A History of English Romanticism in the Nineteenth Century eBook

This eBook from the Gutenberg Project consists of approximately 451 pages of information about A History of English Romanticism in the Nineteenth Century.

    “A thing of beauty is a joy forever.”

[25] “From Shakespeare to Pope.”  See also Sidney Colvin’s “Keats.”  New York, 1887, pp. 61-64.

[26] Vide supra, p. 70.

[27] That he knew Pope’s version is evident from a letter to Haydon of May, 1817, given in Lord Houghton’s “Life.”

[28] He could have known extremely little of mediaeval literature; yet there is nothing anywhere, even in the far more instructed Pre-Raphaelite school which catches up the whole of the true mediaeval romantic spirit—­the spirit which animates the best parts of the Arthurian legend, and of the wild stories which float through mediaeval tale-telling, and make no small figure in mediaeval theology—­as does the short piece of ‘La Belle Dame sans Merci’. (Saintsbury:  “A Short History of English Literature,” p. 673).

[29] Vide supra, p. 85.  And for Keats’ interest in Chatterton see vol. i., pp. 370-72.

[30] The Dict.  Nat.  Biog. mentions doubtfully an earlier edition in 1795.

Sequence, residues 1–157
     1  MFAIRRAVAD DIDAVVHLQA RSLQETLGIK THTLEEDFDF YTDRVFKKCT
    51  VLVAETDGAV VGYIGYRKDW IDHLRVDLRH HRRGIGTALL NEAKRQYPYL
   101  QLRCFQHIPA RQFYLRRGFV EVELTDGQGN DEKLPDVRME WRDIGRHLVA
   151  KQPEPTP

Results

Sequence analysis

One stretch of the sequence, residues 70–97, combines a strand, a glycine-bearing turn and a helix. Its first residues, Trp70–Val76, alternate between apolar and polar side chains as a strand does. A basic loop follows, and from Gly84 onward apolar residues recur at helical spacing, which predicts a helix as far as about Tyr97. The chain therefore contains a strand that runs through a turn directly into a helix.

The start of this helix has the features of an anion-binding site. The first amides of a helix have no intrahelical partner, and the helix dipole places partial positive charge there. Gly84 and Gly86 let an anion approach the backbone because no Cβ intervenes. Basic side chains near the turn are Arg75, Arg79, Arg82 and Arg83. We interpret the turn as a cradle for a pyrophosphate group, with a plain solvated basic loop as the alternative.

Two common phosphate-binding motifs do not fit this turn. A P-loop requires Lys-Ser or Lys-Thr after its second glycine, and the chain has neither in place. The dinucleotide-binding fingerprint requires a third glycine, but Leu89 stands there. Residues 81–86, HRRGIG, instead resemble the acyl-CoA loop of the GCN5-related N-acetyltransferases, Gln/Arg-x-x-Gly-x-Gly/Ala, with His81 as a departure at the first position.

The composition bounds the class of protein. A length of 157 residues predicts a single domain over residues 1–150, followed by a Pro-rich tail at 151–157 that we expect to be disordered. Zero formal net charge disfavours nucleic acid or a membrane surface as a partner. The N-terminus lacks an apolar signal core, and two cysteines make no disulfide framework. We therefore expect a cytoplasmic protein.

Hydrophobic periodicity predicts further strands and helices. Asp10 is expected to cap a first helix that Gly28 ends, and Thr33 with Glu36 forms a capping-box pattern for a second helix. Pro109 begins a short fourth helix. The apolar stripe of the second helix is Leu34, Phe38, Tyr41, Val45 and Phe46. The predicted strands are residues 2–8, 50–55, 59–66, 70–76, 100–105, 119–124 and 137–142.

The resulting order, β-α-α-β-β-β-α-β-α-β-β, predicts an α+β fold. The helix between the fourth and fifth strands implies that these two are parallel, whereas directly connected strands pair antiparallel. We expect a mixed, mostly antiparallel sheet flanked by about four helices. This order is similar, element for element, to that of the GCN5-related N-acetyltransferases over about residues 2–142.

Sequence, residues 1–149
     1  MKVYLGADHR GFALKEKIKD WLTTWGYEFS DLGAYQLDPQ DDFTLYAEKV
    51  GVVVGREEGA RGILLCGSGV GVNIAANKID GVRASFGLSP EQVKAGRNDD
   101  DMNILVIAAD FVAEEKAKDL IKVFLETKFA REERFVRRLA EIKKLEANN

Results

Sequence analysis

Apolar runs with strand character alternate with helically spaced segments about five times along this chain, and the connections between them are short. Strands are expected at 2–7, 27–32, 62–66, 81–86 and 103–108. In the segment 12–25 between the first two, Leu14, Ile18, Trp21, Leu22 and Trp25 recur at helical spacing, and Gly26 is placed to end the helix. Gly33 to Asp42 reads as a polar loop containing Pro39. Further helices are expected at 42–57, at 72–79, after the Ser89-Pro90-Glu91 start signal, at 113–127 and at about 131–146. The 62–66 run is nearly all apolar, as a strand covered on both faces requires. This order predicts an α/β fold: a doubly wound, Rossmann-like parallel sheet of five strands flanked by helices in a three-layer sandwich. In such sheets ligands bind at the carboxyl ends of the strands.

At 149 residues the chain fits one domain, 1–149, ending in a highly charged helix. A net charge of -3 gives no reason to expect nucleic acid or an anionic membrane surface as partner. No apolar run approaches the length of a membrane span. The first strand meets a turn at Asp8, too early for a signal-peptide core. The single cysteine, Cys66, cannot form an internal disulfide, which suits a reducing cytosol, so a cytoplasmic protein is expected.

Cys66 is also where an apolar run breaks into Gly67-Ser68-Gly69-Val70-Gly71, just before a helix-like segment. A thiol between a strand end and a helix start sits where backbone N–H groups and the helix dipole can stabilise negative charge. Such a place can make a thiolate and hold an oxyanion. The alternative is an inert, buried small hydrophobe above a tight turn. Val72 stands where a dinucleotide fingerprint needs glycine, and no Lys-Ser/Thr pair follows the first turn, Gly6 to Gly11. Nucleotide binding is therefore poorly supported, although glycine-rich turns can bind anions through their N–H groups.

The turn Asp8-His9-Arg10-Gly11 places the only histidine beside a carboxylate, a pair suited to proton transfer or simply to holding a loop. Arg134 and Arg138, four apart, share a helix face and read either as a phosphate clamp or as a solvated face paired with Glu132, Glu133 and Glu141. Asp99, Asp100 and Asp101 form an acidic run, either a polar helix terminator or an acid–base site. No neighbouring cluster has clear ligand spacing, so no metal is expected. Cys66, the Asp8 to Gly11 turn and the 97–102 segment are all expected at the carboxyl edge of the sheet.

[31] See “Sonnet on Leigh Hunt’s Poem ‘The Story of Rimini.’” Forman’s ed., vol. ii., p. 229.

[32] See Forman’s ed., vol. ii., p. 334.

[33] “New Essays toward a Critical Method,” London, 1897, p. 256.

[34] “Come, per sostentar solaio o tetto,
      Per mensola talvolta una figura
    Si vede giunger le ginocchia al petto,
      La qual fa del non ver vera rancura
    Nascere in chi la vede.” 
            —­“Purgatorio,” Canto x., 130-34.

[35] Vide supra, p. 85.

[36] Rossetti, Colvin, Gates, Robertson, Forman, and others.

[37] Leigh Hunt.  It has been objected to this passage that moonlight is not strong enough to transmit colored rays, like sunshine (see Colvin’s “Keats,” p. 160).  But the mistake—­if it is one—­is shared by Scott.

“The moonbeam kissed the holy pane
And threw on the pavement a bloody stain.” 
—­“Lay of the Last Minstrel,” Canto ii., xi.

[38] It is interesting to learn that the line

“For o’er the Southern moors
I have a home for thee”

read in the original draught “Over the bleak Dartmoor,” etc.  Dartmoor was in sight of Teignmouth where Keats once spent two months; but he cancelled the local allusion in obedience to a correct instinct.

[39] “Ode to a Nightingale,”

[40] “The Liberal Movement in English Literature,” London, 1885, p. 181.

[41] “Studies and Appreciations.”  Lewis G. Gates.  New York, 1890, p. 17.

[42] See vol. i., p. 371, and for Cumberland’s poem, on the same superstition, ibid., 177.


The Romantic School in Germany.[1]

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